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    blue jays 7, red sox 1

    Red Sox fall to Blue Jays in series finale

    Jon Lester allowed four runs on five hits in seven innings.
    Abelimages/Getty Images
    Jon Lester allowed four runs on five hits in seven innings.

    TORONTO — The Red Sox had a chance to reset their wayward season against the Toronto Blue Jays Sunday. The situation, the opponent, everything was right.

    Jon Lester was on the mound against R.A. Dickey, a pitcher the Sox hit hard last year. A victory would have meant a series sweep and getting back to .500 before a day off and the start of an eight-game homestand Tuesday.

    Instead it was more of the same. The Red Sox were limited offensively and committed costly defensive mistakes in a 7-1 loss.


    The 12-14 Red Sox haven’t been at .500 since the first week of the season. The Sox are fortunate that the other teams in the American League East are having their own problems.

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    “It’s still April, we’ve got a long ways to go,” rookie center fielder Jackie Bradley Jr. said.

    True enough. But there are troubling tendencies all around, including an inability to give their best pitcher any support.

    Lester has a 3.10 earned run average after six starts but is 2-4 thanks, in part, to his teammates. The Sox have scored 12 runs in those games and Sunday were held to six hits, five of them singles. They also failed to draw a walk.

    It was the seventh time already this season the Sox were held to two or fewer runs.


    “I don’t get to hit. If I did, it would probably be worse,” Lester said. “I know these guys are busting their butt. Dickey threw the ball really well today.”

    Lester allowed a solo home run by Brett Lawrie in the second inning and a two-out RBI double by Melky Cabrera in the third inning, an opposite-field grounder that went down the line in right field.

    Lester then retired 10 in a row before giving up two runs in the seventh inning.

    Edwin Encarnacion led off the inning with a line drive to left field. The ball went to the wall as Grady Sizemore was unable to cut it off. Lawrie followed with a line drive just over the head of Will Middlebrooks at third base and Toronto had a 3-1 lead.

    Lawrie went to third on a fly ball to deep center. With the infield in, Moises Sierra tapped a ball to Lester’s right. The pitcher, a poor fielder, might have had a play at the plate but couldn’t get the ball out of his glove in time and had to go to first, Lawrie scoring.


    Lester didn’t think he had a chance at Lawrie regardless.

    “I didn’t have a play even if I field it cleanly. I couldn’t square my shoulders. I couldn’t do anything,” he said.

    Lester allowed four runs on five hits and struck out seven without a walk.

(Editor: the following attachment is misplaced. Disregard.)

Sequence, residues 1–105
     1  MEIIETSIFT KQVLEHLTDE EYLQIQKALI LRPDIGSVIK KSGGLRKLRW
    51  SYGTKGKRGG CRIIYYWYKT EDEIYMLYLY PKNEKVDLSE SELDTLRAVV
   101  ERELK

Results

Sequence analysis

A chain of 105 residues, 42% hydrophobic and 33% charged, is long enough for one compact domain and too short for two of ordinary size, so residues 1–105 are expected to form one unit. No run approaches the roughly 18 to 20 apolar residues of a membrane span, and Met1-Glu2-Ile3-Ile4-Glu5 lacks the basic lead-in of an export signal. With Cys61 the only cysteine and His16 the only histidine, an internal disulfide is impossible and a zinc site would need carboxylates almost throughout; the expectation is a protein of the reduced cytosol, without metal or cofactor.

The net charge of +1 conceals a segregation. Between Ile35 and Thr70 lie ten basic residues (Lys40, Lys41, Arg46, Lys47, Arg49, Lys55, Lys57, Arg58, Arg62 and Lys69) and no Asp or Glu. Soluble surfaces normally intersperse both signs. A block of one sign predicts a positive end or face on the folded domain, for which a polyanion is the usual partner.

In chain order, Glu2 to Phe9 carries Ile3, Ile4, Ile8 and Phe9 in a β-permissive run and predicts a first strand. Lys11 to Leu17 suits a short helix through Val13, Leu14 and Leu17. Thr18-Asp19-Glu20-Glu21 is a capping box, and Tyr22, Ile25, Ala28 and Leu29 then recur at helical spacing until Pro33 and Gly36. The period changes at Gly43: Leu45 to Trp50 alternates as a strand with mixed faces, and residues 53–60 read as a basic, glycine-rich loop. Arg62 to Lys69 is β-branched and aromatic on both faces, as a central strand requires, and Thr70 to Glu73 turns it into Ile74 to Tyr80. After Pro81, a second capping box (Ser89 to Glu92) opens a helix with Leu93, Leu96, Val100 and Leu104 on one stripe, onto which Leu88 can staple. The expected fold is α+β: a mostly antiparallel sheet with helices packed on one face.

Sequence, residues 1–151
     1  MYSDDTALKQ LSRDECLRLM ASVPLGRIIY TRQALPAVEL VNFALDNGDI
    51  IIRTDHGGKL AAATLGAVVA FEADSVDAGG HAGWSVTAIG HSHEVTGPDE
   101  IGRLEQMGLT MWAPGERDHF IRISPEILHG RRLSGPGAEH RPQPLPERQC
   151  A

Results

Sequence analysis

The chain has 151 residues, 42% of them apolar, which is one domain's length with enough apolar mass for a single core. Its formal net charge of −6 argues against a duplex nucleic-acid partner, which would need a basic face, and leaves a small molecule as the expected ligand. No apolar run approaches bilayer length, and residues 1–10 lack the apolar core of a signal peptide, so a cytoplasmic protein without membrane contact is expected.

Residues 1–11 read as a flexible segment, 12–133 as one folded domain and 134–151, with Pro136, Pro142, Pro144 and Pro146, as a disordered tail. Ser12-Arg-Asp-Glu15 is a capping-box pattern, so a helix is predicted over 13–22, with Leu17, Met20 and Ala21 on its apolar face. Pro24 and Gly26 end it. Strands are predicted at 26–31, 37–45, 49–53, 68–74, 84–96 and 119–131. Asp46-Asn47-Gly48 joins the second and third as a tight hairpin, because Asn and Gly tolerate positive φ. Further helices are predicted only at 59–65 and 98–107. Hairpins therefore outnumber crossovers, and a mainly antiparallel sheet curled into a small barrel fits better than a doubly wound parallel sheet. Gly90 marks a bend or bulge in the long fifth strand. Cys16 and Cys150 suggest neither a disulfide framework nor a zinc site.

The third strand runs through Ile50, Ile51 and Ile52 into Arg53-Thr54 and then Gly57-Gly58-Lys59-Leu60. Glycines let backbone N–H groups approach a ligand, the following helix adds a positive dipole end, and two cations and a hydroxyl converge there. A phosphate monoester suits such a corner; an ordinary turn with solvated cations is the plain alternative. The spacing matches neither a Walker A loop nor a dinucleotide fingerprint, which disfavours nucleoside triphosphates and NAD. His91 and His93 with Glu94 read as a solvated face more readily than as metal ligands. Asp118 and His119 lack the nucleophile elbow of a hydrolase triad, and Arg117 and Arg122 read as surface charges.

“Thought I threw the ball well,” he said. “Couple of mistakes and they made me pay for it later in the game. I let it get out of hand there in the seventh. I felt like I threw the ball better than the four runs up there.”

    Poor defense cost the Red Sox again in the eighth inning. With one out and Jose Reyes on first after a single off lefthander Andrew Miller, Cabrera popped up behind the plate. The usually reliable David Ross dropped the ball and was charged with an error.

    Cabrera then dropped a single into right field and Reyes went to third. Jose Bautista followed with a grounder up the middle. Xander Bogaerts had little chance at Bautista but fumbled the ball and didn’t get a force at second, Reyes scoring.

    Encarnacion then hammered a two-run double to center off Burke Badenhop.

    The Red Sox have given up 18 unearned runs in their 26 games.

    “The popup today leads to an added out and what we’ve seen is when that added out comes we’re looking at a crooked number on the board,” manager John Farrell said.

    Dickey faced the Red Sox twice last season and allowed 13 runs on 16 hits — four of them home runs — over 12 innings. But the knuckleballer was strong this time, allowing one run on five hits over 6 innings. Dickey worked fast, threw strikes, and cruised after giving up a run in the second inning.

    When Dickey was on the mound, the Red Sox grounded into six outs, popped up five times, and struck out six times. Hard contact was at a minimum.

    “He threw a number of first-pitch fastballs to get ahead and get a strike and then go to his knuckleball and various speeds off that,” Farrell said.

    The run came in the second inning when singles by Jonny Gomes, Bogaerts, and Bradley gave the Red Sox a 1-0 lead. They didn’t get a runner in scoring position again until the seventh inning.

    Middlebrooks was hit by a pitch and took third on a double to left field by Bogaerts. Toronto manager John Gibbons changed styles, bringing in Steve Delabar, a righthander with a 95-mile-per-hour fastball.

    Bradley got ahead, 2 and 0, took a strike, then fouled to third base. Ross hit the ball well but it was caught in deep center.

    The Red Sox were 1 for 4 with runners in scoring position and are hitting .218 in such situations this season.

    “I’ve got to get the job done and I didn’t do it,” Bradley said.

    Peter Abraham can be reached at Follow him on Twitter @PeteAbe.